NASA is working to forever change the way astronauts communicate to and from space using an advanced laser communications system called LEMNOS, which will enable exponentially faster connections than ever before.
Imagine being able to watch 4K ultra-high-definition (UHD) video as humans take their first steps on another planet. Or imagine astronauts picking up a cell phone and video-conferencing their family and friends from 34 million miles away, just the same as they might on Earth.
LEMNOS, Laser-Enhanced Mission and Navigation Operational Services, may make these capabilities and more a reality in the near future. The project was named for the island, Lemnos, where the mythical hero Orion regained his sight, according to Greek lore. Similarly, LEMNOS will provide sight for NASA's next-generation Orion spacecraft.
"Laser communications will revolutionize data return from destinations beyond low-Earth orbit, enhance outreach opportunities from outer space and improve astronauts' quality of life on long space missions," said Don Cornwell, director of the Advanced Communication and Navigation division at the Space Communications and Navigation program office at NASA Headquarters.
"As we strive to put humans on Mars for the first time, it's imperative that we develop a communications system to support these activities at the highest level possible."
Laser communications, also known as optical communications, is the latest space communications technology, able to provide data rates as much as a hundred times higher than current systems. This means, for example, that astronauts could send and receive ultra-high-definition video from the surface of Mars.
No mission to Mars has yet had that capability. Something that basic could have wide-reaching applications, allowing the American public to "ride along" as our astronauts explore deep space while also enabling scientific discoveries with much higher resolution images and data.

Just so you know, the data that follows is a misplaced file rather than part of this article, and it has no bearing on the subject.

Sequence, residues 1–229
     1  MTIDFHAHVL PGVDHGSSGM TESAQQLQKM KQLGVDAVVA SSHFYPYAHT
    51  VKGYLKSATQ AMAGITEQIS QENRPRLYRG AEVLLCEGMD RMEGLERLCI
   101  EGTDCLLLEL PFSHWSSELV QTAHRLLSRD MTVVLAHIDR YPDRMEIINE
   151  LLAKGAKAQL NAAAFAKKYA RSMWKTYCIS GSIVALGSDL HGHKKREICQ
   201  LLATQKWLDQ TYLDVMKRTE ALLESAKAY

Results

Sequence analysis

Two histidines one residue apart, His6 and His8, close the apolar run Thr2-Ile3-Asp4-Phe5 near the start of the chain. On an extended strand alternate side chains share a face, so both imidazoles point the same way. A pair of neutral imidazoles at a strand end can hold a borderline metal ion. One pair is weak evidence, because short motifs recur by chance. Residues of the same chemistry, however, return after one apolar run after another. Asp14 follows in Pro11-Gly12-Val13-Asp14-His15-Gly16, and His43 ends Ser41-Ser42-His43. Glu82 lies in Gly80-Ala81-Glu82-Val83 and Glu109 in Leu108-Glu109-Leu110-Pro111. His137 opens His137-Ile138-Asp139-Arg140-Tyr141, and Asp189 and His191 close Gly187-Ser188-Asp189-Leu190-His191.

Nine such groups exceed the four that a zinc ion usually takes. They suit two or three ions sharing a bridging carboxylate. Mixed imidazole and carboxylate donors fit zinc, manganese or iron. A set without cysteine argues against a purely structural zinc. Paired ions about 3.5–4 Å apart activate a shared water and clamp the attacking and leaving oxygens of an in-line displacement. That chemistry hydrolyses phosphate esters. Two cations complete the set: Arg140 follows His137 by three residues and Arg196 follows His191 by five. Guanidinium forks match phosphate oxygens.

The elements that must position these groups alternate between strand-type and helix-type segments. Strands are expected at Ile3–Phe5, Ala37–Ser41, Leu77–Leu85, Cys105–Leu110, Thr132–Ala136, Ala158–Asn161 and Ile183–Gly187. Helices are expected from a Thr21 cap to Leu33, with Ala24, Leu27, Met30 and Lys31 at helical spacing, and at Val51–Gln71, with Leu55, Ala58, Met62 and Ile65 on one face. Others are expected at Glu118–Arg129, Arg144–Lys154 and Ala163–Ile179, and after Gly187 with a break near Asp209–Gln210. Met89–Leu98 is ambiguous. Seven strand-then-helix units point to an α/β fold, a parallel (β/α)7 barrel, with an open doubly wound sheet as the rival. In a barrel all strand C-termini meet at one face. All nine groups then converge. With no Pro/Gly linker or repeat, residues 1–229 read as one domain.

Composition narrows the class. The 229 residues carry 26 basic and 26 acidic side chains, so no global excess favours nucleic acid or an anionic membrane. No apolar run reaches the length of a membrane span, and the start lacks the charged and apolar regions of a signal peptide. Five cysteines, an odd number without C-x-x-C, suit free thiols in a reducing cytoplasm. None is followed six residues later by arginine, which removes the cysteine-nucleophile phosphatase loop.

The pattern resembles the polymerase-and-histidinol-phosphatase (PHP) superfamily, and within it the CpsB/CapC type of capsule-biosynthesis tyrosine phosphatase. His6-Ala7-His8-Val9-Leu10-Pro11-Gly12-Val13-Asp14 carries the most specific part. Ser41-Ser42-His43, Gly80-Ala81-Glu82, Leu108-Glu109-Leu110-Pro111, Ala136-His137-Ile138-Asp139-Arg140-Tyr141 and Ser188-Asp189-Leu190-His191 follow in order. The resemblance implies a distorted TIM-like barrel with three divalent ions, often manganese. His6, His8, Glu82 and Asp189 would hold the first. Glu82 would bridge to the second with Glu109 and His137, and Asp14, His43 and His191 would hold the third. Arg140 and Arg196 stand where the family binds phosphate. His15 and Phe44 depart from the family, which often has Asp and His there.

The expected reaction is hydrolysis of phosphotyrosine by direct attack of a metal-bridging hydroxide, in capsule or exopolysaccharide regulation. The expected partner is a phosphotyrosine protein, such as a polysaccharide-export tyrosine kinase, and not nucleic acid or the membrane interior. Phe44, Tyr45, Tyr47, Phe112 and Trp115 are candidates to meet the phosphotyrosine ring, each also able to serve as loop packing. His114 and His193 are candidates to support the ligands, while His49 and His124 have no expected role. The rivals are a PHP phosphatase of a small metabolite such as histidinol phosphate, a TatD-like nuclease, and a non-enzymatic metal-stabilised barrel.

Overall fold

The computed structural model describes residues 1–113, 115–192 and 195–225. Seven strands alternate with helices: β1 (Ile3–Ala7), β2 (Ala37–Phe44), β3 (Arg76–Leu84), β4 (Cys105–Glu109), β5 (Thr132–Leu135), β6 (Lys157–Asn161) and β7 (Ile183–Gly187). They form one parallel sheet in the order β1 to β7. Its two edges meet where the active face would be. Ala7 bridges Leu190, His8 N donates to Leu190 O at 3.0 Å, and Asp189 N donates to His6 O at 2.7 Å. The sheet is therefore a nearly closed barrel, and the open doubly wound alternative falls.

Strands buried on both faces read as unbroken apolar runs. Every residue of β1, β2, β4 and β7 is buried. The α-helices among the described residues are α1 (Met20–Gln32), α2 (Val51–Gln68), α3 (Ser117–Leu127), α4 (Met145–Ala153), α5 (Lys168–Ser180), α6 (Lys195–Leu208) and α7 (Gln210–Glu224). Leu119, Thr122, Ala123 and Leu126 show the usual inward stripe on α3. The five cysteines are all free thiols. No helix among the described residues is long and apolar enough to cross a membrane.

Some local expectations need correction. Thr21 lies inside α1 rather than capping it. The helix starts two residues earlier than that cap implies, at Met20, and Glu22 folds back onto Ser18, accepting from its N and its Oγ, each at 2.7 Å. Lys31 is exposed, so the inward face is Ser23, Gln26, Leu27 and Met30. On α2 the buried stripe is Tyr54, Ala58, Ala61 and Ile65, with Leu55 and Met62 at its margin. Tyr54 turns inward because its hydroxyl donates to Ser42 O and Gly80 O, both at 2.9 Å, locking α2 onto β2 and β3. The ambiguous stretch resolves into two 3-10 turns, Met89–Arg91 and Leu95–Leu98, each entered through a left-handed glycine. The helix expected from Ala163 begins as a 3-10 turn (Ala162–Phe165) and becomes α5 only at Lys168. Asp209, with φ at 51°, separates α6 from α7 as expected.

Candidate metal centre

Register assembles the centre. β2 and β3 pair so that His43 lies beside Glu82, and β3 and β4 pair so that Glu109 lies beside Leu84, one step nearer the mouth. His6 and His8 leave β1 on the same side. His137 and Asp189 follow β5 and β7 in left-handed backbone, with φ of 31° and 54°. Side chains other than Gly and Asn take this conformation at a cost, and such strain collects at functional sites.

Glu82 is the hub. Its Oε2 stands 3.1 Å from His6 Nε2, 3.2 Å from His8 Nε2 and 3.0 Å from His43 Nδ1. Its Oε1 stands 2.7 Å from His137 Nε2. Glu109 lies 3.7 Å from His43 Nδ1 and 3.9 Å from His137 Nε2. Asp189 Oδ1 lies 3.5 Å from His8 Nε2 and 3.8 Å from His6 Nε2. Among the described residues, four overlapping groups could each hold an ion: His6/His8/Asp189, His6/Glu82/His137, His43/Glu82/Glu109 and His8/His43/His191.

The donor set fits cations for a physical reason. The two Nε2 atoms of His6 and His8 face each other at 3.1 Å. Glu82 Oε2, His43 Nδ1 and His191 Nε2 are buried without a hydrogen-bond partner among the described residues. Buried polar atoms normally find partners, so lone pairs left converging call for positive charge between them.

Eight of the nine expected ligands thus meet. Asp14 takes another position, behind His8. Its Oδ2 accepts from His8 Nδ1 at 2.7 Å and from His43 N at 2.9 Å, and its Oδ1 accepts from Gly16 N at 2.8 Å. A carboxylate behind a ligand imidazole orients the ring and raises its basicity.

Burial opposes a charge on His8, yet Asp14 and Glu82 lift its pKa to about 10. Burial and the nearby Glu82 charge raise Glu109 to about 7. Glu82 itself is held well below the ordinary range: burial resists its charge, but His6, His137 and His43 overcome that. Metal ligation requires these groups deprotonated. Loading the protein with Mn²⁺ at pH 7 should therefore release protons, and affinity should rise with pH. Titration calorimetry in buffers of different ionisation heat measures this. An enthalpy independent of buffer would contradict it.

The Exploration and Space Communications (ESC) projects division at NASA's Goddard Space Flight Center in Greenbelt, Maryland, has been tapped to build LEMNOS in collaboration with the MIT Lincoln Laboratory in Lexington, Massachusetts. They worked with other NASA centers to determine specific needs the system can fulfill.
"As we started thinking about the possibility of laser communications on Orion, I spoke with the flight controllers at Johnson Space Center who are developing the communications plan for Orion's deep space missions. They were talking about enabling communications capabilities that we take for granted, but that are so foreign in space, from streaming scientific data and video in real time, to allowing astronauts to watch the Super Bowl or keep up with an election," said Mark Brumfield, deputy program manager of implementation for ESC.
"Being able to connect with society could have great impacts to astronauts' mental health during the mission. Right now, they wouldn't be able to make those connections in a meaningful way, but optical communications will give us that capability."